Researchers demonstrate that changes in the intestinal microbiome stimulate neutrophil production in mice.
Neutrophils are the most common type of granulocyte, a type of white blood cell. A low neutrophil count is often seen in leukemia patients or following chemotherapy and is a condition called neutropenia. It is known that a process called granulopoiesis replenishes neutrophil count and researchers at Hokkaido University (Japan) have recently discovered that the gut microbiome is a key part of this mechanism. This provides a potential avenue for novel adjuvant therapies that help support a chemotherapy recipient’s immune system.
Instances of increasing granulopoiesis above a homeostatic level can be divided into two scenarios: emergency granulopoiesis, which is driven by the presence of bacteria, and reactive granulopoiesis, caused by the absence of an active microbial infection. Reactive granulopoiesis occurs after neutropenia caused by hematopoietic stem cell transplantation (SCT) or cancer chemotherapy.
To understand the mechanisms through which neutropenia triggers reactive granulopoiesis following SCT or chemotherapy, the researchers induced neutropenia in mouse models and monitored levels of cytokines that are known to be linked to granulopoiesis. They observed significantly raised levels of the granulocyte-colony stimulating factor (G-CSF) and interleukin 17A (IL-17A). Using IL-17A deficient mouse models, they then showed that the cytokine is crucial for replenishing neutrophil levels and confirmed that T cells are its primary source..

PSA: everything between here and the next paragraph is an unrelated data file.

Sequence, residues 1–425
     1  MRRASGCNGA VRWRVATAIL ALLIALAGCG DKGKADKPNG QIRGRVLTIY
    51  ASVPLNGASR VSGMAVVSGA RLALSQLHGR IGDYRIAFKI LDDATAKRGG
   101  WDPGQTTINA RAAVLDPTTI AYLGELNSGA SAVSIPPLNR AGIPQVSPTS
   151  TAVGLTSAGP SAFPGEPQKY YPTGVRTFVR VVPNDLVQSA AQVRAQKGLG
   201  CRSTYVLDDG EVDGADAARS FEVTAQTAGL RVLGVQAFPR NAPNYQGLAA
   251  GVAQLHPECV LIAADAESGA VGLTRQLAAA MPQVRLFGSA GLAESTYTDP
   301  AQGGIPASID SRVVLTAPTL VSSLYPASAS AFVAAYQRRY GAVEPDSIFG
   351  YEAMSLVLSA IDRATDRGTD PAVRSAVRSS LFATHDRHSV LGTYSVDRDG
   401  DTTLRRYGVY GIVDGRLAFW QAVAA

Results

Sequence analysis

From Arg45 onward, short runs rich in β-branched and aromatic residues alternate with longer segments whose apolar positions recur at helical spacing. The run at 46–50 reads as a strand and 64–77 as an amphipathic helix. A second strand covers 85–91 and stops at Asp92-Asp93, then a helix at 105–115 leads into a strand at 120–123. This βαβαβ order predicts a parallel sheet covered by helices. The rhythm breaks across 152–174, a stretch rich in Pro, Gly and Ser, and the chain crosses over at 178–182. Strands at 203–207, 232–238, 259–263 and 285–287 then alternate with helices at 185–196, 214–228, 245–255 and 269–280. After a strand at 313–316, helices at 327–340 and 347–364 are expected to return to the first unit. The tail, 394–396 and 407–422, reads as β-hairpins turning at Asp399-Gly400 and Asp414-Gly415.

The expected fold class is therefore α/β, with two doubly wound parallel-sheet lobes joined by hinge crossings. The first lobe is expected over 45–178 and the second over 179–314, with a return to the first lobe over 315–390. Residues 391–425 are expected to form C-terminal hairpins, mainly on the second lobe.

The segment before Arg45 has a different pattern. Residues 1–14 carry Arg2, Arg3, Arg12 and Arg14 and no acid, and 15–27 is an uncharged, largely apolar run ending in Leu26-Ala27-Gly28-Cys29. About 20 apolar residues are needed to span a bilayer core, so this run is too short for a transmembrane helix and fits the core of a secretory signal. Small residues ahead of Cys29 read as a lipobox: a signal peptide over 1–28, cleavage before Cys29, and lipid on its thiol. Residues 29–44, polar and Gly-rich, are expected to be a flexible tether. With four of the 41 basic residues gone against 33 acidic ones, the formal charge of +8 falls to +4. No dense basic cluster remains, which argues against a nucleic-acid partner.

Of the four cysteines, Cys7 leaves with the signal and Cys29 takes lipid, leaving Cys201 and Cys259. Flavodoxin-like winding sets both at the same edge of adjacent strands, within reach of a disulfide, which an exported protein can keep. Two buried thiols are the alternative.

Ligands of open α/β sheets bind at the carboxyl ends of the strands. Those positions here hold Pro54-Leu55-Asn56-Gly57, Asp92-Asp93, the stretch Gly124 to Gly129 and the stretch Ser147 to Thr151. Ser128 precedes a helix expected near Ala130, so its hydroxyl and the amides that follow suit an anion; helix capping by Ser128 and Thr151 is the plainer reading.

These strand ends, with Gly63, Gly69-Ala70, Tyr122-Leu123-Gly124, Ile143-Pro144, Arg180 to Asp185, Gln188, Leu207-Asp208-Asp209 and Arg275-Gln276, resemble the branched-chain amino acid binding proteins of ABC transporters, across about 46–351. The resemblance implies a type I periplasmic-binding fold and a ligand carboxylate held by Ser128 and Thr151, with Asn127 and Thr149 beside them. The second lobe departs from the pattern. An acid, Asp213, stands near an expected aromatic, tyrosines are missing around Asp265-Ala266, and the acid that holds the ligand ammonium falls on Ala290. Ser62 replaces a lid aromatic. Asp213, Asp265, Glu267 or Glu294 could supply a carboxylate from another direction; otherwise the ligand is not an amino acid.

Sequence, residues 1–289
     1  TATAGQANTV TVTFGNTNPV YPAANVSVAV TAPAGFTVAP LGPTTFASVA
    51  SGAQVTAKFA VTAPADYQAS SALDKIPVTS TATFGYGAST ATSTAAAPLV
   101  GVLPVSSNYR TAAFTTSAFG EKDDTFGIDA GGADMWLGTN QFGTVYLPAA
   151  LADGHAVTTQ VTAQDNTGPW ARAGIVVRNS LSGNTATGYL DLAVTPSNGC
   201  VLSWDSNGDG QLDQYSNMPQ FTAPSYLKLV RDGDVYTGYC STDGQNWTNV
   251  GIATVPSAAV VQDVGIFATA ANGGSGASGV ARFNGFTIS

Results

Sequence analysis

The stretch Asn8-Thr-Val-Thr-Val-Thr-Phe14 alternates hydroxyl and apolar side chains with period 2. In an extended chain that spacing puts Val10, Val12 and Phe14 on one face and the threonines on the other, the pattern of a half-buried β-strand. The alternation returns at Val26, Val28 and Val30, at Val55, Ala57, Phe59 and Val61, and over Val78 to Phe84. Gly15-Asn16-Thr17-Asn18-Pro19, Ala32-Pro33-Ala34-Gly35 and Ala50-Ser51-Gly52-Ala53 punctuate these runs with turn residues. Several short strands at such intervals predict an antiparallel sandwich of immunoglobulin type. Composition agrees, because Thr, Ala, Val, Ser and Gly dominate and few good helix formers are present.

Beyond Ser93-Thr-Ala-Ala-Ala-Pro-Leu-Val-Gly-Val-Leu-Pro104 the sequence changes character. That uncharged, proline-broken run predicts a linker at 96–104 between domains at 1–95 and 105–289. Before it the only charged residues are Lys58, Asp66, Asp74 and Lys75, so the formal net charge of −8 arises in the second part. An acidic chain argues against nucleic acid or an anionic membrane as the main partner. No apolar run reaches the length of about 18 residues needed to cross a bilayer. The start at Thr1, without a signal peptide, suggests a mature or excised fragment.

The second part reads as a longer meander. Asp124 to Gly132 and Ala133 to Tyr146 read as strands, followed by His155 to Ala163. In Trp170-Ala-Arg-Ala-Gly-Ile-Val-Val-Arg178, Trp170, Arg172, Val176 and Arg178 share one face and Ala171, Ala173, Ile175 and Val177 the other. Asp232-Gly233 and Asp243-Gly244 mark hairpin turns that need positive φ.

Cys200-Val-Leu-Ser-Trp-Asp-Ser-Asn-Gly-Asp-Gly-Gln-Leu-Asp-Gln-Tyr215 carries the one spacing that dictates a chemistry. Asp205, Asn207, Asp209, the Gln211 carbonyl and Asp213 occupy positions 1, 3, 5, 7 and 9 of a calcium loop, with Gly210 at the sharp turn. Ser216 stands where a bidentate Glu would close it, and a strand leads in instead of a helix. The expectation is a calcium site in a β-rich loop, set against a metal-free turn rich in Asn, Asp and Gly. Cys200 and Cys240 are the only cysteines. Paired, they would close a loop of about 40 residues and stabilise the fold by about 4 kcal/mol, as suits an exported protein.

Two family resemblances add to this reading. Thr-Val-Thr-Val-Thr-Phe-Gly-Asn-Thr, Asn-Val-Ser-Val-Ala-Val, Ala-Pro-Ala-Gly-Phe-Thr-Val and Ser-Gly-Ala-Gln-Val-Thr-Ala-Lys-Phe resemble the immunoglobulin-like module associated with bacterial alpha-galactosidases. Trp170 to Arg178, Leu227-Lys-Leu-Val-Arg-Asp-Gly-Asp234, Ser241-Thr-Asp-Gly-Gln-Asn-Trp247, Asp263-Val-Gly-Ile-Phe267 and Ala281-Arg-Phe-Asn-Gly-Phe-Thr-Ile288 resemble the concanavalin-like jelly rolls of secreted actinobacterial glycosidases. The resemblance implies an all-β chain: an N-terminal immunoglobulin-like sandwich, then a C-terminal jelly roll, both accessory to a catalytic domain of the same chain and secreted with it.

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Prior research had suggested that the gut microbiome and bone marrow hematopoiesis could affect each other, so the researchers were interested in building on this and finding out if the gut microbiome influences granulopoiesis. By decontaminating the gut microbiome using antibiotics, they showed that T-cell production of IL-17A was suppressed and the typical increase in neutrophil numbers was not observed. Subsequent fecal transplantation from a distinct mouse experiencing neutropenia stimulated neutrophil recovery, showing that the gut microbiome upregulates reactive granulopoiesis via the IL-17A that is secreted by T cells.
Additionally, the researchers found that prolonged periods of neutropenia alter the gut microbiome. They concluded that this change in the microbiome composition stimulates reactive granulopoiesis.
Next, the team will look at clinical trials to see if this link between the gut microbiome and granulopoiesis occurs in humans. Patients receiving chemotherapy and experiencing neutropenia are often vulnerable to infection, so this research could lead to novel fecal microbiome transplant or probiotic therapies that support granulopoiesis. Furthermore, antibiotic formulations that do not impact granulopoiesis-supporting bacteria may also be devised to ensure neutrophil recovery is not affected.
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